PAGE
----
I see from the Southern Intellectual History Circle page on facebook that distinguished historian Bertram Wyatt-Brown passed away on November 5. Wyatt-Brown was educated at Sewanee, Cambridge University, and Johns Hopkins and taught from many years at the University of Florida (and before that Case Western, the University of Colorado, and Colorado State). He had recently completed his final book, A Warring Nation: Honor, Race, and Humiliation in America’s Wars, which sounds absolutely fantastic. It sounds like a fitting capstone to a career that spanned serious work on anti-slavery as well as pro-slavery thought. His best-known book is Southern Honor: Ethics and Behavior in the Old South, which influenced a generation of historians of the south to focus on the role of honor in southern life and action. It is a powerful volume that repays multiple readings -- and I think I shall go off now and spend some time with it this evening in honor of Dr. Wyatt-Brown.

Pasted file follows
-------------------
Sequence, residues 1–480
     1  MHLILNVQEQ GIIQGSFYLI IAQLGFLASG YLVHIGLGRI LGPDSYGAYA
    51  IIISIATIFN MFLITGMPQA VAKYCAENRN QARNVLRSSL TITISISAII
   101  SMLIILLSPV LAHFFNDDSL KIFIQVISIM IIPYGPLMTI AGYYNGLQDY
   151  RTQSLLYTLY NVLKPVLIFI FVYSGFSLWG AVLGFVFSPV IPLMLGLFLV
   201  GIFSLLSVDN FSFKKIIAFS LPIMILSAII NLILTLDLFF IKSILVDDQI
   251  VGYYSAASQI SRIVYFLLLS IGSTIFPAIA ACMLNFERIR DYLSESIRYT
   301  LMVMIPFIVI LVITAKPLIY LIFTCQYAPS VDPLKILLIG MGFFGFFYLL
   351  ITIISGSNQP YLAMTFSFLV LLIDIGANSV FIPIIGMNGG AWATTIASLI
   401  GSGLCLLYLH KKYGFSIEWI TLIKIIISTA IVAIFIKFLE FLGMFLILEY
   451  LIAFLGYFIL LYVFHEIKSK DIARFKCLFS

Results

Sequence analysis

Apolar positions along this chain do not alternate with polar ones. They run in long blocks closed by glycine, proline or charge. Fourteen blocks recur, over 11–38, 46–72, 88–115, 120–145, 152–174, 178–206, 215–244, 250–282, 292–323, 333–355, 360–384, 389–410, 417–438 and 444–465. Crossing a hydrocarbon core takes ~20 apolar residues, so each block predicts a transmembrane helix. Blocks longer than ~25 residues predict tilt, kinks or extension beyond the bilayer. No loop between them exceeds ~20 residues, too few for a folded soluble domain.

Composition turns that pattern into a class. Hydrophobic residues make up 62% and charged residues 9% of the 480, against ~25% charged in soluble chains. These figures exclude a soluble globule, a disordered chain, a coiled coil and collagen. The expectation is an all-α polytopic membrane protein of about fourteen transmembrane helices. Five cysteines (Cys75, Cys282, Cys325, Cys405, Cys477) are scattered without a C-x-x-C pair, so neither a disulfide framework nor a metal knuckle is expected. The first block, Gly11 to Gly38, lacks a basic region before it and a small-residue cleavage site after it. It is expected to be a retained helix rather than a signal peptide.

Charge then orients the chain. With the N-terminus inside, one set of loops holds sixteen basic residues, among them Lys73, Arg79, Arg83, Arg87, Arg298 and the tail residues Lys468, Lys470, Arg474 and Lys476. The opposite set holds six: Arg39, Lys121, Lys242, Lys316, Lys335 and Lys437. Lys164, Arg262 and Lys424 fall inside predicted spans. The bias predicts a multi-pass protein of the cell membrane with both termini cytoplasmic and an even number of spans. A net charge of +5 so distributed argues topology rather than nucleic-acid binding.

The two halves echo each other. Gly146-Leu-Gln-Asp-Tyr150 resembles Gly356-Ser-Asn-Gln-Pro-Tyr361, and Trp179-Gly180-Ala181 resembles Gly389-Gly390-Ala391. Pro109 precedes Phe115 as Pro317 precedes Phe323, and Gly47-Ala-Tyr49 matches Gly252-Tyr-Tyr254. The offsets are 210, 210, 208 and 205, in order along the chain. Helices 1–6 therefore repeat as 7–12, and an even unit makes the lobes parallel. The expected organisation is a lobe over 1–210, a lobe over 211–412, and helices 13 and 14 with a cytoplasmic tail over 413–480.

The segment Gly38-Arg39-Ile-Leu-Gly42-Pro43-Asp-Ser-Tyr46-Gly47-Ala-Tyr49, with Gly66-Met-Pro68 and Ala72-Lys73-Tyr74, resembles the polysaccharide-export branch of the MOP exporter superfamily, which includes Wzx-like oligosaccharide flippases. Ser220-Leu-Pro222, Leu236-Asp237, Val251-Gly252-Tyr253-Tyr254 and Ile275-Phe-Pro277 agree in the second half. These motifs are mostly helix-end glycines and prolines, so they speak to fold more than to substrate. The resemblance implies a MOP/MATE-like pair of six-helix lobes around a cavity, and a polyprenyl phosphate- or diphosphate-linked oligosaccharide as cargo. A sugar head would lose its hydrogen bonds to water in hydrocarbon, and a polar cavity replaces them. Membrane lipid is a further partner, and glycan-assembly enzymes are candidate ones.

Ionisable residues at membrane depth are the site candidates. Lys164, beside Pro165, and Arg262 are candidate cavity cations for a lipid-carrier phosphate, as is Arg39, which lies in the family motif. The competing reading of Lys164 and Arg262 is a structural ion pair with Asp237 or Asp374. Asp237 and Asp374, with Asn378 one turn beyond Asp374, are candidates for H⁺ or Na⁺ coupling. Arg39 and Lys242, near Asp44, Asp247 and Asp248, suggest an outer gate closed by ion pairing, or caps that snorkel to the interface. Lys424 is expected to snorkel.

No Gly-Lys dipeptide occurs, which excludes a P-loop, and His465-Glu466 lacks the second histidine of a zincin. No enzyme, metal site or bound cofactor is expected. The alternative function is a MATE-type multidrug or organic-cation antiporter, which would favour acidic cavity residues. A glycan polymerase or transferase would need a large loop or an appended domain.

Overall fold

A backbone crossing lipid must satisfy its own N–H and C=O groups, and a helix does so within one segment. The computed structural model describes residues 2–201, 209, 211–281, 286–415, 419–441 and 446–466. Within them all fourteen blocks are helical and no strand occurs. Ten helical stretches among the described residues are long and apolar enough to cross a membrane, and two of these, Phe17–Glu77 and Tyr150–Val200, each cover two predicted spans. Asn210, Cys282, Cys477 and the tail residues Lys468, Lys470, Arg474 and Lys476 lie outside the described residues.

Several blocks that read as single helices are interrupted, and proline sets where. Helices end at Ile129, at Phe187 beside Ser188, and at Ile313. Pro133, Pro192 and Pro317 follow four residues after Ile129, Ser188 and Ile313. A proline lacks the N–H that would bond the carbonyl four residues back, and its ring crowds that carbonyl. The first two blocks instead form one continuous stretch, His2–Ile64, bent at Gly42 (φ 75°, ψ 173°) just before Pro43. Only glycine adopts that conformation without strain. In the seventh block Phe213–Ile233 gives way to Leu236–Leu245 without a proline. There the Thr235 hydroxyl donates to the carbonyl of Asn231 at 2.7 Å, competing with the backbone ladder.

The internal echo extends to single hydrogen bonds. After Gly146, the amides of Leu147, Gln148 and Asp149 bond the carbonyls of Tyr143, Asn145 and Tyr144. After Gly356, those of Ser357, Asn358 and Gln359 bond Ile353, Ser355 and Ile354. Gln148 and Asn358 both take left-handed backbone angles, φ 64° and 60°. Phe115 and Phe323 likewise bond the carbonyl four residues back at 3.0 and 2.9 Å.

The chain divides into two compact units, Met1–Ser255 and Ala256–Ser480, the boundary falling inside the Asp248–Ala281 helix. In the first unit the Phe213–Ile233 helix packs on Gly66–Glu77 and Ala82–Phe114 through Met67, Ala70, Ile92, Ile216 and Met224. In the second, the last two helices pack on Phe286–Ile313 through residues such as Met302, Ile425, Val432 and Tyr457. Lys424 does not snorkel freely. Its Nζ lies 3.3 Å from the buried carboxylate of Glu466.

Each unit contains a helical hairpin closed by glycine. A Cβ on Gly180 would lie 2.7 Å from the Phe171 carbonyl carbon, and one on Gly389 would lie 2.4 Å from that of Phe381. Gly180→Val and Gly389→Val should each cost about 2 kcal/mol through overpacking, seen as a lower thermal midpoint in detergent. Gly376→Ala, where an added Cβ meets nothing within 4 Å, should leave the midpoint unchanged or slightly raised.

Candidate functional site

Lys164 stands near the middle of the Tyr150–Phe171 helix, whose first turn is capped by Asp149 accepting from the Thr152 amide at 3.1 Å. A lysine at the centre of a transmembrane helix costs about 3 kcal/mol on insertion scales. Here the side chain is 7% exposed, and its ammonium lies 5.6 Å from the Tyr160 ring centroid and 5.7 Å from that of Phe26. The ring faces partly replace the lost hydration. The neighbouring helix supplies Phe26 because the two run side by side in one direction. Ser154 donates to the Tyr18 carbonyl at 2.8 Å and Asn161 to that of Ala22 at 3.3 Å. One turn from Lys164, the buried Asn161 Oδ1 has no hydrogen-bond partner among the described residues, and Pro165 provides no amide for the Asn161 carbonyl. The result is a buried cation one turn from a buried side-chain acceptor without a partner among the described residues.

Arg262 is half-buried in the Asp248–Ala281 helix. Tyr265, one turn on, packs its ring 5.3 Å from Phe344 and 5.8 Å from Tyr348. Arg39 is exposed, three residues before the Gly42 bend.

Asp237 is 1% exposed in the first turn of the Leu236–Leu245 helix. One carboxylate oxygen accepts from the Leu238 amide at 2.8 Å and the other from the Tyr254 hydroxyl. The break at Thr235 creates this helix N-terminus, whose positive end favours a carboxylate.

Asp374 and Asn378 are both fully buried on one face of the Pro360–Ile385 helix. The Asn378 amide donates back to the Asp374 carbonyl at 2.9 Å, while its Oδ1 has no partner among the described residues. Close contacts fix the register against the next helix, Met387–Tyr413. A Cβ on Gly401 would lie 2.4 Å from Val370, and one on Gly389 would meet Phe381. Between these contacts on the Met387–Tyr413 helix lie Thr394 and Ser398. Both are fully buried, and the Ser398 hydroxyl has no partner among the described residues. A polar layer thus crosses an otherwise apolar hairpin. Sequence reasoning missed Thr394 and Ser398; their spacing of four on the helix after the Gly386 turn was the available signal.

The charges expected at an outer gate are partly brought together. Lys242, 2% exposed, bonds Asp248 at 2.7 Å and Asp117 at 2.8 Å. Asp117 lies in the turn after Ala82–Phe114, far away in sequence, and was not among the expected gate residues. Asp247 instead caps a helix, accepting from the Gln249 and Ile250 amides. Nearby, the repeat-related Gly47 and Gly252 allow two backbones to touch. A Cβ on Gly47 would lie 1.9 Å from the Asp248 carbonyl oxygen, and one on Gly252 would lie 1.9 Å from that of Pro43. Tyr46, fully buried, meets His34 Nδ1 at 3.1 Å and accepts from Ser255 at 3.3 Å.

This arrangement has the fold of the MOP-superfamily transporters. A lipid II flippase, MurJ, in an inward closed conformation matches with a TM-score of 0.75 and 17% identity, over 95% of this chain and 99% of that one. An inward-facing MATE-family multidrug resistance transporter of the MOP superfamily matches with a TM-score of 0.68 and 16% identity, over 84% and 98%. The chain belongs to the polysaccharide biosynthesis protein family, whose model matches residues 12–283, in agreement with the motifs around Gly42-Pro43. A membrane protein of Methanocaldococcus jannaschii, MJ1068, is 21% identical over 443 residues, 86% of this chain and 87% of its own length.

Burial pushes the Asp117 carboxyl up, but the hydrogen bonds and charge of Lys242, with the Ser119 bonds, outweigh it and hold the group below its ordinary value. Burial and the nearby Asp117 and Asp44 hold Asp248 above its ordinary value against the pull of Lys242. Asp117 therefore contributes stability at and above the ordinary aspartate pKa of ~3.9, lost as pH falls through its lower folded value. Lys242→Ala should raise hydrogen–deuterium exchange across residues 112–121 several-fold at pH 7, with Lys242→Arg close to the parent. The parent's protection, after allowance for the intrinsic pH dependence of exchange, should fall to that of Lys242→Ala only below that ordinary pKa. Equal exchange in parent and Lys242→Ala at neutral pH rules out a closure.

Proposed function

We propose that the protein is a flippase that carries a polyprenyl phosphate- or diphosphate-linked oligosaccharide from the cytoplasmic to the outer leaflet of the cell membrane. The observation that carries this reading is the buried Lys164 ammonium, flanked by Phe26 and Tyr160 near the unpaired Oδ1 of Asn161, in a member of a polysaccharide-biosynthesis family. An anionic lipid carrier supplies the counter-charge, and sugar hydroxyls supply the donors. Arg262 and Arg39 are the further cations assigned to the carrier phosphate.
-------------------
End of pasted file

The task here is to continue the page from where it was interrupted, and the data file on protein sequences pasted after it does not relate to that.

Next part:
Like many other legal historians -- Ariela Gross and Timothy Huebner come immediately to mind -- I have engaged Wyatt-Brown's focus on honor, though I remain rather more skeptical about its power in explaining southern behavior than many legal historians. I'm more on the economic side of things as an explanation for southern law. But then again, one of my current objects of study was in a duel in 1834!
This has been a year of significant loss for southern intellectual history.